News & Notes 686:A sad story or Memento mori!

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686 icon.jpg   News & Notes 686
11 February 2017



A sad story or Memento mori!


My dad, a former judge, wrote the attached article which might be of general interest to the community.
– Birgitta Voz


As a former judge I got involved in the following case:

Some years ago an Aurovilian died suddenly. He was married in the Aurovilian way which means that they were not married legally and with no share of the inheritance to his wife. The inheritance consisted of some thousand Rupees in India and some hundred thousand Euros abroad.

The deceased had left two identical wills in which he named his wife as his heir, which yet were typed and signed by him. Those wills were null and void as neither written totally by hand nor signed by two witnesses according to the Indian law.

Therefore the legal heirs were his brother and a half-sister abroad and not his wife. Those finally consented that the small amount of money on the account in India should go to his wife. They filled special forms of the State Bank and had them confirmed by a notary. This however did not bother the State Bank at all, not even did it give any advice if some form or statement was still missing. Now since two years a case is pending somewhere. Considering honoraries and fees there is little hope that in the end some money may find its way to his wife.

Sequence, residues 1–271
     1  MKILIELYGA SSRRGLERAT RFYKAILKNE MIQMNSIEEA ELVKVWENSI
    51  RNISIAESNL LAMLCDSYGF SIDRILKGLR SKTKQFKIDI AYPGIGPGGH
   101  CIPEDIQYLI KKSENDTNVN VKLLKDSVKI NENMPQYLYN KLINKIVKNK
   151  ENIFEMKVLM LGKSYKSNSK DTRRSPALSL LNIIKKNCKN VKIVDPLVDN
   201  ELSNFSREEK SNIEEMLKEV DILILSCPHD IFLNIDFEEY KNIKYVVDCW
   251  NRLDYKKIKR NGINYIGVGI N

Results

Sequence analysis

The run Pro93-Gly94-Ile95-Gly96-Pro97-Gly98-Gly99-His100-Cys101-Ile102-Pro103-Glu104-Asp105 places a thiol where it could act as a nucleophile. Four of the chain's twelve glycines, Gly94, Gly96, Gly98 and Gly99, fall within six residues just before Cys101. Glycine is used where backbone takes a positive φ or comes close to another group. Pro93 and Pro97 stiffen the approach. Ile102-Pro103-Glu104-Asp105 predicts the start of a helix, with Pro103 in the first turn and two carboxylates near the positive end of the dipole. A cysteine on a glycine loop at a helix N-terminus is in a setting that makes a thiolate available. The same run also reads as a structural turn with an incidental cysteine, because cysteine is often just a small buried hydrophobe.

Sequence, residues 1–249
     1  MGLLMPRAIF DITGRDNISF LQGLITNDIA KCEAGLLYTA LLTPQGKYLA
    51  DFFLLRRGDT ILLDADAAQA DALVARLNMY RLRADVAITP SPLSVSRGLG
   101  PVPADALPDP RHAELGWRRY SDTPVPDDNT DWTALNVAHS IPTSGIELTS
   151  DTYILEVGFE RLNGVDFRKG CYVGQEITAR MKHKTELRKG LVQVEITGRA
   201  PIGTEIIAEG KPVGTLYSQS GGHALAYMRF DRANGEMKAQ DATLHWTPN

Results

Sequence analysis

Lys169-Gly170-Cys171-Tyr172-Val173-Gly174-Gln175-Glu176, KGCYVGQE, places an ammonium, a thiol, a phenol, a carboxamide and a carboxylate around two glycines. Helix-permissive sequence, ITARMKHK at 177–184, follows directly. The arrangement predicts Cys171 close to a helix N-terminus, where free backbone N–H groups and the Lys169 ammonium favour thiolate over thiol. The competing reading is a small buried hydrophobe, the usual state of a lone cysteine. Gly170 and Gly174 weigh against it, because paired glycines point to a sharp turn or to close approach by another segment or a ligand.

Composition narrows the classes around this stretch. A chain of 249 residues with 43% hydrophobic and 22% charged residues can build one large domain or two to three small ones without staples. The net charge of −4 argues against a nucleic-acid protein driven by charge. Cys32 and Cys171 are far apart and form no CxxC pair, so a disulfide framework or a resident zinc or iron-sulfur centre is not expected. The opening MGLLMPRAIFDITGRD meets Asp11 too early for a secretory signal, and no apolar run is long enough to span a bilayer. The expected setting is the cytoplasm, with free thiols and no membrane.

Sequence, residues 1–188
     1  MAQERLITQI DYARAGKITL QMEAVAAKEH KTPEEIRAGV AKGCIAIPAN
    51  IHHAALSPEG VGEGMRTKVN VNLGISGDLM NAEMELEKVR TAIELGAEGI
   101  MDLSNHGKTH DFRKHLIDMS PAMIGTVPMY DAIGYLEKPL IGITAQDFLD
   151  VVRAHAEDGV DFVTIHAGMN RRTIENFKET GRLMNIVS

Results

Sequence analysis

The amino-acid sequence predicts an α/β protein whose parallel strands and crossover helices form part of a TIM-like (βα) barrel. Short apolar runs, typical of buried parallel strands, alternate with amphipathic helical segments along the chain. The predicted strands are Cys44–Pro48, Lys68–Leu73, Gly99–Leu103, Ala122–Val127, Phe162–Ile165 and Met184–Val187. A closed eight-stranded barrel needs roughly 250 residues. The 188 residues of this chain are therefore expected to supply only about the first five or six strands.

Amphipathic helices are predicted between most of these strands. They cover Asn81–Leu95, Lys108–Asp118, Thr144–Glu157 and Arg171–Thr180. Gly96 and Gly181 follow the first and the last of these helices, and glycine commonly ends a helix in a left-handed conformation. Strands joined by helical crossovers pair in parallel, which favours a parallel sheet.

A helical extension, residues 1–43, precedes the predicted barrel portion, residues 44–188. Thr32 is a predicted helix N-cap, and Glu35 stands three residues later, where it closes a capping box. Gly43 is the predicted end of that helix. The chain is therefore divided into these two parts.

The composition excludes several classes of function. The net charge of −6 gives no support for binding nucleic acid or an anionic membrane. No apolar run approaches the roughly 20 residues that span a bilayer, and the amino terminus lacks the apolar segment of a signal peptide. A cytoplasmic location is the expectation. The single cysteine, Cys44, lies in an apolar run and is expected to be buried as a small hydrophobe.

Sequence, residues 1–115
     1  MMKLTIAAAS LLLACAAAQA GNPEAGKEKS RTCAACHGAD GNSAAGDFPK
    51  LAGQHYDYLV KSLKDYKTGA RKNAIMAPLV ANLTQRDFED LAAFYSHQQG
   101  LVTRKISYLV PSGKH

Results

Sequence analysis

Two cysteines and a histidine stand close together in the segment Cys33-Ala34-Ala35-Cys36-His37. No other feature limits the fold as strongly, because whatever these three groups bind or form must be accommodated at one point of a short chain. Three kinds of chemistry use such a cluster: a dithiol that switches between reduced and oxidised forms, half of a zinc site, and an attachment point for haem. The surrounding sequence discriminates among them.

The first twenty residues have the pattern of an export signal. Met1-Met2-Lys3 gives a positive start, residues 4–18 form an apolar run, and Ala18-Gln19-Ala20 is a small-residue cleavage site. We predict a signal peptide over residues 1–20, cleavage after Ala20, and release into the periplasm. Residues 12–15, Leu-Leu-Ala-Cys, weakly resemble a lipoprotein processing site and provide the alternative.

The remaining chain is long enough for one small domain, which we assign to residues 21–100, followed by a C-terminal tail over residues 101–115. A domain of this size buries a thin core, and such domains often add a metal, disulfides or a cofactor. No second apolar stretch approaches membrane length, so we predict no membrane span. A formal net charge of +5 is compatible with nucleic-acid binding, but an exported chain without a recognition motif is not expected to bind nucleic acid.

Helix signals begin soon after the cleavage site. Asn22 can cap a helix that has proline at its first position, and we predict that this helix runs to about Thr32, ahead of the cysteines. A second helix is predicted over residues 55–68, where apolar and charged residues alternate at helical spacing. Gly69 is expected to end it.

So if you have money in India and abroad make sure that your will is in conformity with the Indian law or with the law of your country of origin. If you choose the Indian law for your will, it is advisable to do it with the help of a notary to prevent your heirs from trouble. If you have only money in an account in India it will be sufficient to sign a form called <Power of attorney or Nomination form> yet explicitly beyond death that allows a designated person to withdraw the money after your death without further complications.

Hans-Gerhard